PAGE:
Mark Dion’s supernatural exhibit upends visitors’ expectations with cunning, occasionally disturbing image trickery.
This supernatural exhibit could be described as at best enigmatic, at worse slightly dense. Curated by American conceptual artist Mark Dion, the show sets archive works from the Beaux-Arts de Paris against pieces from the school’s current students, as well as some from Dion’s own impressive career. Prints, sculptures, photographs and drawings all feature, with an overarching focus on the four natural elements (the exhibit is divided up into four rooms, Earth, Wind, Air and Fire), a motif that lends itself as much to legend and mythology as it does science. Conjuring up a bizarre alternate reality in which nymphs have hooves and horses wings, the show plays with visitors’ perceptions, distorting our conceptions of reality but only in incremental, barely detectable ways. Here, the images are expressly designed to deceive, like some formalin, which isn’t used to conserve the dead as it usually is, but instead covers up some sort of futuristic organic matter, or a fleshy eel that somehow continues to breath, despite being sliced into parts.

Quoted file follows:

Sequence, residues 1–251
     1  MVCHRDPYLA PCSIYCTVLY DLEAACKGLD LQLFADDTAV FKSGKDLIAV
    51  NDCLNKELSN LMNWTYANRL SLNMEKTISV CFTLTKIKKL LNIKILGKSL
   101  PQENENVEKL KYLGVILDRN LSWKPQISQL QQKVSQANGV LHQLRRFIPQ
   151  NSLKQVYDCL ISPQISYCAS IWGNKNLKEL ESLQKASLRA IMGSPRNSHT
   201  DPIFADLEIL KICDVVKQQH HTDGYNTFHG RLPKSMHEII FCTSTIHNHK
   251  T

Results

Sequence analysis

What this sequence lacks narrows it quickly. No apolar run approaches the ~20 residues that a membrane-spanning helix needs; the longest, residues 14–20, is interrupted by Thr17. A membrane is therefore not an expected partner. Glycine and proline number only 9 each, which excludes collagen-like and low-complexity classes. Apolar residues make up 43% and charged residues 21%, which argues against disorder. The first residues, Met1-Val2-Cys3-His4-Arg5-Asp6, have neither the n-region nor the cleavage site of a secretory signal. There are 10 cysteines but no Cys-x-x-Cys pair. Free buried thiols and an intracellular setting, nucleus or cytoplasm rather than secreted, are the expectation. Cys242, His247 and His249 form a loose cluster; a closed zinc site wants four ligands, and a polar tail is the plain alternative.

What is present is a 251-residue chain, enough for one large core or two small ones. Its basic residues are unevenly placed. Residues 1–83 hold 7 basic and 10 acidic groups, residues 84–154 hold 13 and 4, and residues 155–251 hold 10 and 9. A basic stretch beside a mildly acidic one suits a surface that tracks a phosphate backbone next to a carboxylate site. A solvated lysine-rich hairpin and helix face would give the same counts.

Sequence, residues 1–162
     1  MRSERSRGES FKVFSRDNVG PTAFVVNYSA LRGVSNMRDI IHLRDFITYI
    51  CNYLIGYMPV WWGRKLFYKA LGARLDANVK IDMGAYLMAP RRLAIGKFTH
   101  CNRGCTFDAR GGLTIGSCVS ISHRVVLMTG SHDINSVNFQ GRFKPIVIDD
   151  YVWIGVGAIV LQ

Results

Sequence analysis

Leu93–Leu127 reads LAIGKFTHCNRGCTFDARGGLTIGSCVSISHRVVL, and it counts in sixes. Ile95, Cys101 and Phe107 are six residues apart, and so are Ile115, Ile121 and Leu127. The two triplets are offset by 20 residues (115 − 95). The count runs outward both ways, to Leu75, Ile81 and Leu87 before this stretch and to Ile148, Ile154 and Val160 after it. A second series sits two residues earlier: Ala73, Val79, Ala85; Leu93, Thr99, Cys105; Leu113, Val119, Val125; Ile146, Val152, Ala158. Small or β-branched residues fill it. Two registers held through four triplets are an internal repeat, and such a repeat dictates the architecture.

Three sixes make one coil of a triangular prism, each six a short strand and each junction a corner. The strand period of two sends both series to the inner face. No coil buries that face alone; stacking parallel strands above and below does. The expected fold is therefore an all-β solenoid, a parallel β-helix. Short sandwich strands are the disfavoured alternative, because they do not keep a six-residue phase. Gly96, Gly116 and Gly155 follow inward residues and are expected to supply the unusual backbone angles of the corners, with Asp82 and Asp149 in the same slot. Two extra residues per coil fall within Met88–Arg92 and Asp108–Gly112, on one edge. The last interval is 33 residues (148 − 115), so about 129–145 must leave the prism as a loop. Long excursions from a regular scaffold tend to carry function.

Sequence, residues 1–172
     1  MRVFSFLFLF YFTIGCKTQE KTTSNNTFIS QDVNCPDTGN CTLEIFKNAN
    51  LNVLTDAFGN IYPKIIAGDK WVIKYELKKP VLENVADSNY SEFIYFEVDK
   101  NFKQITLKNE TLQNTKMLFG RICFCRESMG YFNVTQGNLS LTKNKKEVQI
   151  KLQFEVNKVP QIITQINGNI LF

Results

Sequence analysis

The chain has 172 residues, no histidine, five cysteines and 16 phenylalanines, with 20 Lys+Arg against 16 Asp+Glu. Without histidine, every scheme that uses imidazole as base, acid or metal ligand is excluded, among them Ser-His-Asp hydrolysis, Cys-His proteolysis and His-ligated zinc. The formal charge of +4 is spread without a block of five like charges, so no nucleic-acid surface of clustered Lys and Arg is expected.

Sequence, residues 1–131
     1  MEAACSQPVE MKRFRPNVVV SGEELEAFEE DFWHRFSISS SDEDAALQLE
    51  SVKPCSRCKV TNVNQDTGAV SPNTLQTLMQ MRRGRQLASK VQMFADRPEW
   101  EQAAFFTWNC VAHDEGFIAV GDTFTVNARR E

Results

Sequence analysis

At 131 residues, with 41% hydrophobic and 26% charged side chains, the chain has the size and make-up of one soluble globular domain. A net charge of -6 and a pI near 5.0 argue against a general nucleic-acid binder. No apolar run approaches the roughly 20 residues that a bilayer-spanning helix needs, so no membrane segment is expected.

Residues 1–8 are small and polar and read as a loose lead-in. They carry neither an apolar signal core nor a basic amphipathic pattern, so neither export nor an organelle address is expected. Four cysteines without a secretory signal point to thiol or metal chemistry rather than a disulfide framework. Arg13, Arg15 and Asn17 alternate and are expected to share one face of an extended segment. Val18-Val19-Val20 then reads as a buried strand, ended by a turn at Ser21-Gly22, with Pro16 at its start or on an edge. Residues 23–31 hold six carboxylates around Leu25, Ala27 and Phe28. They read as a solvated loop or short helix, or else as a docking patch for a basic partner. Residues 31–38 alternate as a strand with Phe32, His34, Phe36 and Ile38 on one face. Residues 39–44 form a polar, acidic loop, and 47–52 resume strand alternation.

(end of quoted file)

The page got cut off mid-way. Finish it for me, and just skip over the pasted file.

TRANSLATION: FLORA HUDSON